JIM LEHRER: Help for homeowners in trouble was also the focus of a new proposal from the FDIC today. Margaret Warner has that story.
MARGARET WARNER: The proposal, laid out on the FDIC’s Web site today, would modify more than 2 million at-risk mortgages. Lenders would agree to modify the terms of loans for struggling borrowers to reduce their monthly payments.
In exchange, the government would guarantee to cover half of the lender’s loss on homeowners who defaulted eventually anyway. The proposal would cost roughly $24 billion.
It’s being promoted by FDIC Chairman Sheila Bair over the opposition of Treasury Secretary Paulson.
Here to tell us more about the idea and its prospects, we turn to Charles Duhigg, who has been covering the housing crisis for the New York Times.
And, Charles, welcome.
You heard — I think you could hear that tape, the Treasury official, Kashkari, saying they’re doing all they can for homeowners. What’s the essential difference you take away from the approach that Sheila Bair is advocating versus what Treasury and Fannie and Freddie have been doing?
CHARLES DUHIGG, New York Times: There’s a basic debate going on right now in Washington, D.C., between whether Wall Street should be helped or homeowners should be helped.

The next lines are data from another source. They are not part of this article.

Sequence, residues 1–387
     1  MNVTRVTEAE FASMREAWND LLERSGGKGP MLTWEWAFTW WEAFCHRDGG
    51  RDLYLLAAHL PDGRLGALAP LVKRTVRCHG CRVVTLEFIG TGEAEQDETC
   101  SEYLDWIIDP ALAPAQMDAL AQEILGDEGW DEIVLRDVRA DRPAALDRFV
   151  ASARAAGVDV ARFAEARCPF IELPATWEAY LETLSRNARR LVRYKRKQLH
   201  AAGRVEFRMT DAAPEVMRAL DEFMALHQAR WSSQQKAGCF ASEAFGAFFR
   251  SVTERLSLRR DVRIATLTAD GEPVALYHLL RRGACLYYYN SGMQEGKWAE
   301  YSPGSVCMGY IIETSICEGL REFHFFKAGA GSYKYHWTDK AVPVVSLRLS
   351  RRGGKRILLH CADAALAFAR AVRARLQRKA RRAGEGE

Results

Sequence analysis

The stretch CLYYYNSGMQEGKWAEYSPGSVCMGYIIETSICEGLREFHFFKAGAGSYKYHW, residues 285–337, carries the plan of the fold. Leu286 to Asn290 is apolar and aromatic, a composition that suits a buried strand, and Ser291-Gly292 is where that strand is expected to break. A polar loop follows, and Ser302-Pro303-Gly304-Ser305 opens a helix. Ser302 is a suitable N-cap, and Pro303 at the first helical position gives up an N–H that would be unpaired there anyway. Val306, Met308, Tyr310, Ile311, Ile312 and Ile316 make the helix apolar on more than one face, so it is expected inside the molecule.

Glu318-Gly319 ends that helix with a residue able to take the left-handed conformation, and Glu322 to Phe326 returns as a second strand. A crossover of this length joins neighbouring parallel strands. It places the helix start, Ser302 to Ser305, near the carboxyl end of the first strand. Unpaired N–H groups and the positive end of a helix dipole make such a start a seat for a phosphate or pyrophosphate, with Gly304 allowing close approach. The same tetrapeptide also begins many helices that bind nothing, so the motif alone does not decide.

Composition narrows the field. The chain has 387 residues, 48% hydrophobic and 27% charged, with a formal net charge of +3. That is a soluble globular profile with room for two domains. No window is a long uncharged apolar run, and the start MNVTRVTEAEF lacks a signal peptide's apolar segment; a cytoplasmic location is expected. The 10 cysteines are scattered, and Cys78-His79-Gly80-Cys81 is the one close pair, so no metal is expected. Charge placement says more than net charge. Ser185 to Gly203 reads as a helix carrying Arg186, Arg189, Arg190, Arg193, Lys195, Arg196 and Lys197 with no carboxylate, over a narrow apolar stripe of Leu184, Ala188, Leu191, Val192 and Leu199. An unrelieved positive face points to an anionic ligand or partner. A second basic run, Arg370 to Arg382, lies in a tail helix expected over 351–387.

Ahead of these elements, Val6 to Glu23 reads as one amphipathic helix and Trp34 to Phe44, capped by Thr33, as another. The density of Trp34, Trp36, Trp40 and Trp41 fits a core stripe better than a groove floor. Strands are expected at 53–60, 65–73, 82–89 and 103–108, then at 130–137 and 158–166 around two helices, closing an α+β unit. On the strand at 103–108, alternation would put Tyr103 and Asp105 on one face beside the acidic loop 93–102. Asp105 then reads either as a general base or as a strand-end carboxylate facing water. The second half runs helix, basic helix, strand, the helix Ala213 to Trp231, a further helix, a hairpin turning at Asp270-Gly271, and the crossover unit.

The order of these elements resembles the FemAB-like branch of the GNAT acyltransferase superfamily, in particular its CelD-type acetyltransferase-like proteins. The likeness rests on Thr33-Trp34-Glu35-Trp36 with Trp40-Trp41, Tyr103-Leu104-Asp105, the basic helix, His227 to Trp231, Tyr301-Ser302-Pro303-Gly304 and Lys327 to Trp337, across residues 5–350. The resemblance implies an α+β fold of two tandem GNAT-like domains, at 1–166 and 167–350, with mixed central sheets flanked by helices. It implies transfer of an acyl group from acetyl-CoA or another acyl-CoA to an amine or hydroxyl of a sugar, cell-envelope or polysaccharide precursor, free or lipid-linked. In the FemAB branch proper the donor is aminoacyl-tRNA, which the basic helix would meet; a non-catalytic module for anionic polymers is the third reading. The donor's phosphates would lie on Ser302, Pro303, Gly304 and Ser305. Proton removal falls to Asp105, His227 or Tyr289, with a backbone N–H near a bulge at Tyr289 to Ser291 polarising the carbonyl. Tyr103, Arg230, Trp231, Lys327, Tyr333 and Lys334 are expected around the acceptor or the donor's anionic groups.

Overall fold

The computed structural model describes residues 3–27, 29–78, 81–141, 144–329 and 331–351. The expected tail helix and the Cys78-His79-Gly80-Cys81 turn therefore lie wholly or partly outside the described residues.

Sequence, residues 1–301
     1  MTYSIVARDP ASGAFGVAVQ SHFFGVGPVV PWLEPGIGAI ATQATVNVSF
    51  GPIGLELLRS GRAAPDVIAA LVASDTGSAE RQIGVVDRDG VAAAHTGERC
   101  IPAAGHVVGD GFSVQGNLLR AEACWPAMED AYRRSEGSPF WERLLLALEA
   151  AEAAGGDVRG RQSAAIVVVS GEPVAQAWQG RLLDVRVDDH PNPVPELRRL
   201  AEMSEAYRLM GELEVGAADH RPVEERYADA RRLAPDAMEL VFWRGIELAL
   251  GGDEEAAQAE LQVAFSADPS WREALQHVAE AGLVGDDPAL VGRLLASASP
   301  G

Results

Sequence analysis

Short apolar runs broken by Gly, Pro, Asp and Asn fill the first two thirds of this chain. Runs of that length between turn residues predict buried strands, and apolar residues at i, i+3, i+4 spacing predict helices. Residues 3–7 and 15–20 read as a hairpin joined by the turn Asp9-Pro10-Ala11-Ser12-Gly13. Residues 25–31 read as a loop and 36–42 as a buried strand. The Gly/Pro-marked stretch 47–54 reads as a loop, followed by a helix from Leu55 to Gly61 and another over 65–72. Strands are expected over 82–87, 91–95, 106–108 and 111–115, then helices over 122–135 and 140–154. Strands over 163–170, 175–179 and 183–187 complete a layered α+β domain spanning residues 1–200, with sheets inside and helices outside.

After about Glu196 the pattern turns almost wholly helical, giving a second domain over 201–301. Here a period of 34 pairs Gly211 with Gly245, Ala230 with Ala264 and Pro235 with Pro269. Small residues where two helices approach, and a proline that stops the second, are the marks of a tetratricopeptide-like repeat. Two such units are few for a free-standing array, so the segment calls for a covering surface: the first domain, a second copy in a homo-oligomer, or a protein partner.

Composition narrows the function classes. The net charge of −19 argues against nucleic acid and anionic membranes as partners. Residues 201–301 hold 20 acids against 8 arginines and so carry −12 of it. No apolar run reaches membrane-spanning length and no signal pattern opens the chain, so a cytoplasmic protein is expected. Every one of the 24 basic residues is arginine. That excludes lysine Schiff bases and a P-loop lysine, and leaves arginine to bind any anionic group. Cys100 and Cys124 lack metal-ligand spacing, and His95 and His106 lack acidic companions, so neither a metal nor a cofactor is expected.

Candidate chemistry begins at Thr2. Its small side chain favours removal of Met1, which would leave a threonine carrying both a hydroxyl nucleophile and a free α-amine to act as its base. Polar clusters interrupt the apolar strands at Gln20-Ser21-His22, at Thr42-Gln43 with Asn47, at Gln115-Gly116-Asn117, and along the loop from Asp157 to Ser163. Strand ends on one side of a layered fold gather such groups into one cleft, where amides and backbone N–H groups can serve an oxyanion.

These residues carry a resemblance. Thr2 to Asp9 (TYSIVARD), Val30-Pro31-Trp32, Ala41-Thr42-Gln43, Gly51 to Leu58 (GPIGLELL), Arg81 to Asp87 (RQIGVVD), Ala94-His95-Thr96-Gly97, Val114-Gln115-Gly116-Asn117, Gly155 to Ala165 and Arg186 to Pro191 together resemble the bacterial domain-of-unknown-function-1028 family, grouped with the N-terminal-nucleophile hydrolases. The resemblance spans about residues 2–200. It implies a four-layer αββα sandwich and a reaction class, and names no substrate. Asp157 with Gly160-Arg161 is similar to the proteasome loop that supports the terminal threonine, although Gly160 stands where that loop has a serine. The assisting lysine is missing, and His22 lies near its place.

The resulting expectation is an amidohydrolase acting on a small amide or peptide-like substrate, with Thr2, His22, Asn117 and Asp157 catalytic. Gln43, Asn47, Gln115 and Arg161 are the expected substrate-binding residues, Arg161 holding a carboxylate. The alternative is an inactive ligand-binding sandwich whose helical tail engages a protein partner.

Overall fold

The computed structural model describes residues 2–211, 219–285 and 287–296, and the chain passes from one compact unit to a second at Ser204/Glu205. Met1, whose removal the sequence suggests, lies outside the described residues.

The truth is that Wall Street has been very easy to demonize. They made a lot of money over the last decade. But there’s a general agreement that Wall Street, the health of Wall Street and the health of banks, is essential in repairing the economy.
On the other hand, homeowners are very easy to sympathize with. A number of people are being foreclosed on. They’re being kicked out of their homes. But it’s less clear that any individual homeowner or even large groups of homeowners are essential to the nation’s economic health.
And so there’s a debate going on right now about whether the U.S. government should be using taxpayer dollars to help banks and Wall Street or whether we should be helping homeowners stay in their homes.
FDIC proposes homeowner help
MARGARET WARNER: So this proposal would, essentially, try to incentivize or pressure banks to modify the terms of these loans on a fairly standardized basis?
CHARLES DUHIGG: Absolutely. That's exactly what it would do. It would go to banks, and it would say to them, "If you have a loan that's 60 days overdue, we would like you to work with the homeowner in order to modify that loan so that they can afford to stay in their house."
If you're paying, say, 35 percent or 40 percent of your monthly income for your mortgage, they're going -- the bank would work you to bring that down to 31 percent.
Now, there's a cost associated with that. Some people are going to modify their loans, and they're still going to end up getting foreclosed on and not paying off those loans.
So what the government has said to banks is -- or what Ms. Bair at FDIC is proposing is that the government would encourage banks, to say, "Go ahead and modify these loans anyways. And if the person ends up defaulting, we'll split the cost of that default with you as an incentive for you to try and modify these loans and keep people in their houses."